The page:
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Should You Replace Old Solar Panels?

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Whether you should replace your old solar panels or not depends on a few factors. First, how old are the panels? If they were installed before 2000, chances are they weren't the most efficient panels to begin with. You might benefit from a fresh installation.

But if your panels are newer than that, you're safe until you reach the 25 to 30 year mark. Analyze how much energy you are using and if it's worth installing new panels.

Even at 80% of their original efficiency, your existing installation could still be good enough to keep the lights on in your home.

You may be able to get more utility out of your solar panels by installing a battery system for your home. This will let you use solar energy captured during the day when you come home at night. If you're at work all day and the kids are at school, this option can make the most sense; and, it will add to the value of your home.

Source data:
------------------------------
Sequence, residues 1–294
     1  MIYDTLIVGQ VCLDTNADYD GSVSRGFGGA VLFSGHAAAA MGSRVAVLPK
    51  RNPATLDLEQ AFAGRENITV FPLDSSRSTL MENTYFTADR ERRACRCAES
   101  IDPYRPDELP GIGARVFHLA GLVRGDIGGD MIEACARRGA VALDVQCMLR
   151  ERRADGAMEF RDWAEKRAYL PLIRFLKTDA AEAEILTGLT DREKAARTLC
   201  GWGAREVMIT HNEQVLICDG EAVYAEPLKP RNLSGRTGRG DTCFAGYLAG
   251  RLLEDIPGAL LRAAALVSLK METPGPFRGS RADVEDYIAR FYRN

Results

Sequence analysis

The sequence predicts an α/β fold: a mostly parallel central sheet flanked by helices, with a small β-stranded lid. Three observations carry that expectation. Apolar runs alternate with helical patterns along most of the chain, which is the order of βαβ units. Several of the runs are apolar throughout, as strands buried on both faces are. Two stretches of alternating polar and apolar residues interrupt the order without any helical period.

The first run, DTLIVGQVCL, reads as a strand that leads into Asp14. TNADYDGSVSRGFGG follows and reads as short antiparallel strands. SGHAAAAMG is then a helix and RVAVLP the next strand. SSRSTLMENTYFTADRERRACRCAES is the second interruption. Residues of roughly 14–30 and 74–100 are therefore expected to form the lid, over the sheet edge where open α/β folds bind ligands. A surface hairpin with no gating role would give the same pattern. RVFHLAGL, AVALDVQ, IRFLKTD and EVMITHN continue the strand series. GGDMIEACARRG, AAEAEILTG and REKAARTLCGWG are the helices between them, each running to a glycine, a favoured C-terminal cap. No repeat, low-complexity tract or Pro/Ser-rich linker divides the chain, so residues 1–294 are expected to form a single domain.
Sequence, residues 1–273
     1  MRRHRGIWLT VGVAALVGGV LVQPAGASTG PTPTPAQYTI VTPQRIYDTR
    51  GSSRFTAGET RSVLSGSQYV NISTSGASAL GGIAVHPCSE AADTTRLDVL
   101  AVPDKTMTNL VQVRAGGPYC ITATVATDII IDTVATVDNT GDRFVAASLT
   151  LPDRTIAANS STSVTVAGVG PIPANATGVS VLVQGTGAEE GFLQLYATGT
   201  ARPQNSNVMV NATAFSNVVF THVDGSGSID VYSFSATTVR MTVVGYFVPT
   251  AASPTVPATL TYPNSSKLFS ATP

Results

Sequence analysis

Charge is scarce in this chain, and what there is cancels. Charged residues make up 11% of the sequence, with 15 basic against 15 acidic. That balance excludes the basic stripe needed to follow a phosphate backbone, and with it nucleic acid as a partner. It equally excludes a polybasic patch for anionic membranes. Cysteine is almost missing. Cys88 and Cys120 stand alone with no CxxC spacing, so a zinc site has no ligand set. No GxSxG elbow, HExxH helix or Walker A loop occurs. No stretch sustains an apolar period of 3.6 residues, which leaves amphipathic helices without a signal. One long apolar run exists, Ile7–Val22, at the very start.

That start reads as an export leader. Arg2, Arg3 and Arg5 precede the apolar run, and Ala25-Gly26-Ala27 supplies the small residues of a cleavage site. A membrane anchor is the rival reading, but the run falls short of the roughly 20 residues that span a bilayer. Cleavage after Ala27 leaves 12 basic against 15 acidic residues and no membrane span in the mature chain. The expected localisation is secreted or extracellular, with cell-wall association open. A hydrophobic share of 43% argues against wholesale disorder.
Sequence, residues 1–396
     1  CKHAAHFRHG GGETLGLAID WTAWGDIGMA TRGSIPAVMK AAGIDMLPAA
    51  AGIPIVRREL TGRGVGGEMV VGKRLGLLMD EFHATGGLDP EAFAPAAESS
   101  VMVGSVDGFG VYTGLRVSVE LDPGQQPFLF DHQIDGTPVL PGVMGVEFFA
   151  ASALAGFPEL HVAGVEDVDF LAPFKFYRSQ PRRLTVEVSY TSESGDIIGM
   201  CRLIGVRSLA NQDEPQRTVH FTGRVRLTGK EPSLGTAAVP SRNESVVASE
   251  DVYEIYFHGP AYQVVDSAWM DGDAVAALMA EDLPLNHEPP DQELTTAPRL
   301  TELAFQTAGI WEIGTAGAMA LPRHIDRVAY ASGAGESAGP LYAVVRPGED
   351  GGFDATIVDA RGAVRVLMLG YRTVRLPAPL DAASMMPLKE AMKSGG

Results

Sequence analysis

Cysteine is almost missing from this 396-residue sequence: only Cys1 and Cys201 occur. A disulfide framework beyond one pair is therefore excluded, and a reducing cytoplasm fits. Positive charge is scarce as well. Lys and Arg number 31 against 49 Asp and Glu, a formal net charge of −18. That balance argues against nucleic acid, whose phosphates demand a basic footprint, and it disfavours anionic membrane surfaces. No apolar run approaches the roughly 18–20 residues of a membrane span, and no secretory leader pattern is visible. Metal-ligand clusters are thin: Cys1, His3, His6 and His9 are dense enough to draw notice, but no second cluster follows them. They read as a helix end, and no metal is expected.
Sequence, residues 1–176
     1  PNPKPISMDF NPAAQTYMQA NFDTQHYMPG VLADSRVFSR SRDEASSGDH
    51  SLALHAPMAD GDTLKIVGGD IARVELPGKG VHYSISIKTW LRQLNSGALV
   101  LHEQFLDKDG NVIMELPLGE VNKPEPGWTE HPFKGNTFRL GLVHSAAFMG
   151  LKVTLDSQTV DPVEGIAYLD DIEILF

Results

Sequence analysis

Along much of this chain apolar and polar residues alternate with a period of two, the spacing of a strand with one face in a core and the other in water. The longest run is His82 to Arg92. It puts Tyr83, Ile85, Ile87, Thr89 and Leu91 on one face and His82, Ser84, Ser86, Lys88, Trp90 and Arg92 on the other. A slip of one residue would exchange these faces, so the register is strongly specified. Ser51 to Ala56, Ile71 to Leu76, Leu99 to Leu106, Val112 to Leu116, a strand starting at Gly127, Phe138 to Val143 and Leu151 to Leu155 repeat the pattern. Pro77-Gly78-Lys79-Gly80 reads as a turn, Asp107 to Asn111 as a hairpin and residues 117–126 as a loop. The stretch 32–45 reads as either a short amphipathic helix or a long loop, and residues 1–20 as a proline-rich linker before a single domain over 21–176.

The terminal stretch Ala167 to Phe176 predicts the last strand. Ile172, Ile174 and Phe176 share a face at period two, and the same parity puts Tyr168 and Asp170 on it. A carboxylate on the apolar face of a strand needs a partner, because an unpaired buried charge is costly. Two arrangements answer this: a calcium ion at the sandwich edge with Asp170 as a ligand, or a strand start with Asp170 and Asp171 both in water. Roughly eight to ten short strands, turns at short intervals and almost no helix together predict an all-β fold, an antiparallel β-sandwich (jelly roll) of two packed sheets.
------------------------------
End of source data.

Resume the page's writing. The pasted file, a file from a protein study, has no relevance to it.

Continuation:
Before you decide to replace an older array of solar panels, do some research and see what new technologies are on the horizon. The cost and efficiency of solar panels has steadily improved over the last decade. You can expect that trend to continue, and in some cases it might be worth holding off another few years before replacing your existing panels.

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Conclusion

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The answer to the question “How long do solar panels last” may change in just a few years. A few decades ago, the answer was 10 years; but now it's over 25! Any investment in solar power today is likely going to last you 30 years, and even after that it'll still keep producing power.

Modern setups are capable of producing more power at 80% of their original strength. As solar technology matures and more breakthroughs occur, you can expect better products to hit the market at even better prices.

In addition to the savings on your monthly electric bill, adding solar panels to your home adds value that lasts even beyond the manufacturer's warranty. So go ahead, put those panels up and let them shine. Your wallet and your planet will thank you for making such a bright choice.